13. In Yamunabai Anantrao Adhav vs. Anantrao Shivram Adhav and Another reported in AIR 1988 SC 644, the apex court has observed as follows:
"3. For appreciating the status of a Hindu woman marrying a Hindu male with a living spouse some of the provisions of the Hindu Marriage Act, 1955 (hereinafter referred to as the Act) have to be examined. Section 11 of the Act declares such a marriage as null and void in the following terms:
"11. Void marriages- Any marriage solemnized after the commencement of this Act shall be null and void and may, on a petition presented by either party thereto against the other party, be so declared by a decree of nullity if it contravenes any one of the conditions specified in clauses (i), (iv) and (v) of Section 5. "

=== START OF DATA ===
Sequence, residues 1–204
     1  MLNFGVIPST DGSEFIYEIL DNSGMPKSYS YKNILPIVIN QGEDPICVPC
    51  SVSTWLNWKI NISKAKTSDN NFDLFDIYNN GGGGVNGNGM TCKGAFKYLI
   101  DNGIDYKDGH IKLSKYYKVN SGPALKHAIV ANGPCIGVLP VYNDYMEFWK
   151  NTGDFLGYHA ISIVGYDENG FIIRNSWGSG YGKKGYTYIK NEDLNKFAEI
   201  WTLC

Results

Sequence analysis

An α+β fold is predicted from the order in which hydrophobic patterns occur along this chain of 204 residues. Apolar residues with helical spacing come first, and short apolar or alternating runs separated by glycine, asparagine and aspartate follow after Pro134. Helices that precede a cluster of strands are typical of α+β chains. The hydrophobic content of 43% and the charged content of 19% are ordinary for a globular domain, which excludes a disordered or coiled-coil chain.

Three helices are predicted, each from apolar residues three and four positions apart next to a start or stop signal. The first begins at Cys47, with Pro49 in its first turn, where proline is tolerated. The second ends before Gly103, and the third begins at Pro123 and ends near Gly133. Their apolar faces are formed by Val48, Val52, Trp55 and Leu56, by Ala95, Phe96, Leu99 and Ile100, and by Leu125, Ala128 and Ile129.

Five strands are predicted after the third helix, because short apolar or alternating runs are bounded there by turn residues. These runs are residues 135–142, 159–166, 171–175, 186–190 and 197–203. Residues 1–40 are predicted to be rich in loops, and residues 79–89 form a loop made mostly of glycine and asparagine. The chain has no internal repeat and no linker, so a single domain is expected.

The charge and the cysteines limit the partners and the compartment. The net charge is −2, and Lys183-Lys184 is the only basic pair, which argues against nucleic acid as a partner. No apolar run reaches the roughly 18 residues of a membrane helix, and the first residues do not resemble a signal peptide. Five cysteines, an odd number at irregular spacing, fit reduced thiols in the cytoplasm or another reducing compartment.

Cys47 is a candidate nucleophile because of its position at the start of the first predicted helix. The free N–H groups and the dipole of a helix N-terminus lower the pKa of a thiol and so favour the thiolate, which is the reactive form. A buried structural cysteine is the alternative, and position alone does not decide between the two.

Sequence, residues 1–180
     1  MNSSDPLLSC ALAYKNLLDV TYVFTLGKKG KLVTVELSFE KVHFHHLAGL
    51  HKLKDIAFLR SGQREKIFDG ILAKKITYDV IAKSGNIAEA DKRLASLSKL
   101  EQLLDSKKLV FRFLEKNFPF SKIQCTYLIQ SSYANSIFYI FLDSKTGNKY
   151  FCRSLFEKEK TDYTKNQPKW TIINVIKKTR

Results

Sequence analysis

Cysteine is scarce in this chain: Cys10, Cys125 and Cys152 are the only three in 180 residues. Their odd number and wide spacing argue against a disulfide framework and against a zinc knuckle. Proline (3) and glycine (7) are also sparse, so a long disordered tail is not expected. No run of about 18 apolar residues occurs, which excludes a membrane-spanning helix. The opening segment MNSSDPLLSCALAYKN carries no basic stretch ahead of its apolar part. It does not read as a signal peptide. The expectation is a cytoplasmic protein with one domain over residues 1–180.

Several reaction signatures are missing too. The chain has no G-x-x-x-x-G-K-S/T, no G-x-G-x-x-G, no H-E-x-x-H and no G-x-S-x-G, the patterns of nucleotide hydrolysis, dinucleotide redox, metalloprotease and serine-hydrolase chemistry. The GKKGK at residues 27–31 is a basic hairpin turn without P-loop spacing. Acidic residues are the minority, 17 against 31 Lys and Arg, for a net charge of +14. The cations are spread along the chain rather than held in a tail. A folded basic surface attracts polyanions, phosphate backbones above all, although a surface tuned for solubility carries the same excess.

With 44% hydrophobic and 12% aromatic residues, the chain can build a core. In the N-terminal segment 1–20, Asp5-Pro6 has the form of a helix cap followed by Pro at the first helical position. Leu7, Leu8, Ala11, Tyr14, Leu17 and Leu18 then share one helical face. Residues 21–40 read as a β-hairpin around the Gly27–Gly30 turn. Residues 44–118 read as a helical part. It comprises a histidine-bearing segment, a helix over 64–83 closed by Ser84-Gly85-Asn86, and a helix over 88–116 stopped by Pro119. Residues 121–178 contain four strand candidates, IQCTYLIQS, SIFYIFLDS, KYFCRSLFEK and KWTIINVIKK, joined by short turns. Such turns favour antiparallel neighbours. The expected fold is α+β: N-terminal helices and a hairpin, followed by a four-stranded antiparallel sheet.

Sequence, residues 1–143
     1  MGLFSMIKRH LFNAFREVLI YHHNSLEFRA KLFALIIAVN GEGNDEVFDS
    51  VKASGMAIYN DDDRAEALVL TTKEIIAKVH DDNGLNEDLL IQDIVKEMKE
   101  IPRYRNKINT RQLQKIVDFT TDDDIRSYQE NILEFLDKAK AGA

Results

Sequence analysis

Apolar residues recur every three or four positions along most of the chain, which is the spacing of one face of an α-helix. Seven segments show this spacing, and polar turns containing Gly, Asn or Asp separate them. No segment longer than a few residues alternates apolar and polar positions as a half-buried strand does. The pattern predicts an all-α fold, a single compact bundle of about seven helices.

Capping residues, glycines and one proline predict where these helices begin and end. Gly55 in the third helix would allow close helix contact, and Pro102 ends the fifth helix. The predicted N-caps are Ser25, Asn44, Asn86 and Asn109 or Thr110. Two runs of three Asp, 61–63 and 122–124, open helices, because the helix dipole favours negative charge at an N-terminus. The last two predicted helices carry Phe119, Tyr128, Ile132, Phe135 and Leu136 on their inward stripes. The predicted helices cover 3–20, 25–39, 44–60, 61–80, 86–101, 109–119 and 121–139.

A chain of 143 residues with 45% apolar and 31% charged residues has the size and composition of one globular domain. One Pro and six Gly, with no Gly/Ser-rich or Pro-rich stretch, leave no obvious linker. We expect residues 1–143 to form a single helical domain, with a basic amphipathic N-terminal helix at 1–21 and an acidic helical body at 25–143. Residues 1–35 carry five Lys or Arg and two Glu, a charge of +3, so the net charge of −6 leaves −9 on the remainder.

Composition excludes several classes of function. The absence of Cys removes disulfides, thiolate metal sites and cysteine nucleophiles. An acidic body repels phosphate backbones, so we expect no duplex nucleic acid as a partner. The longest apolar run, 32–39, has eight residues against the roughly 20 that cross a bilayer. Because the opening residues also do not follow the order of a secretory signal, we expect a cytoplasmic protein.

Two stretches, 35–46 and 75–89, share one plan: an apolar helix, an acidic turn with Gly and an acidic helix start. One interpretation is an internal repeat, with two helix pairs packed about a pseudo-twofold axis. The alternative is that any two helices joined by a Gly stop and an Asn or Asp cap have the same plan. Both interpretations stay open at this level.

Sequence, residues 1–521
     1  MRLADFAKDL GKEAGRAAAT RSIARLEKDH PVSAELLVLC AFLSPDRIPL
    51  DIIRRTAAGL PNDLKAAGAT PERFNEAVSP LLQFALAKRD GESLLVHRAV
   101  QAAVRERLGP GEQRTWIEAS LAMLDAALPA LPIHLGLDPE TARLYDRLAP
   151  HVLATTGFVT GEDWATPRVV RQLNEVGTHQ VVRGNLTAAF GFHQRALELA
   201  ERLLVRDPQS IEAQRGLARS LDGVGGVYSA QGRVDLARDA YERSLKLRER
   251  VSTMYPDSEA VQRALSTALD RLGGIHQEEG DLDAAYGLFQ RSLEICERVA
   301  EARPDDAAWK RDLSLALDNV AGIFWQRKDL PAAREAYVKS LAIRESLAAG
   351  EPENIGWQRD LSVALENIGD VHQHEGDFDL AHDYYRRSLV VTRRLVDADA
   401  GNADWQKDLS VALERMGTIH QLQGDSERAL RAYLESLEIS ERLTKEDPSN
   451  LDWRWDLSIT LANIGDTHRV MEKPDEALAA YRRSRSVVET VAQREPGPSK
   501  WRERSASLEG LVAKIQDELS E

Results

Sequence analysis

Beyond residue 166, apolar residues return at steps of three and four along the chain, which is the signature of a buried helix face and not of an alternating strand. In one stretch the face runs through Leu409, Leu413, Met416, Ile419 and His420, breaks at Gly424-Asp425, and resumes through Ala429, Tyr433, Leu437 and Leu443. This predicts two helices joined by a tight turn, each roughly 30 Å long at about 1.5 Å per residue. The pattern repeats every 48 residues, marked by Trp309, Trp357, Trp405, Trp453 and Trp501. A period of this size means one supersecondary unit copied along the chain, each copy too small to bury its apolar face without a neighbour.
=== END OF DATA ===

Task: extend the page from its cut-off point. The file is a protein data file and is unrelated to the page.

Clause (1)(i) of S. 5 lays down, for a lawful marriage, the necessary condition that neither party should have a spouse living at the time of the marriage. A marriage in contravention of this condition, therefore, is null and void. It was urged on behalf of the appellant that a marriage should not be treated as void because such a marriage was earlier recognised in law and custom. A reference was made to S. 12 of the Act and it was said that in any event the marriage would be voidable. There is no merit in this contention. By reason of the overriding effect of the Act as mentioned in S. 4, no aid can be taken of the earlier Hindu Law or any custom or usage as a part of that Law inconsistent with any provision of the Act. So far as S. 12 is concerned, it is confined to other categories of marriage and is not applicable to one solemnised in violation of S.5(i) of the Act. Sub-section (2) of S. 12 puts further restrictions on such a right. The cases covered by this section are not void ab initio, and unless all the conditions mentioned therein are fulfilled and the aggrieved party exercises the right to avoid it, the same continues to be effective. The marriages covered by s. 11 are void-ipso- jure, that is, void from the very inception, and have to be ignored as not existing in law at all if and when such a question arises. Although the section permits a formal declaration to be made on the presentation of a petition, it is not essential to obtain in advance such a formal declaration from a court in a proceeding specifically commenced for the purpose. The provisions of s. 16, which is quoted below, also throw light on this aspect: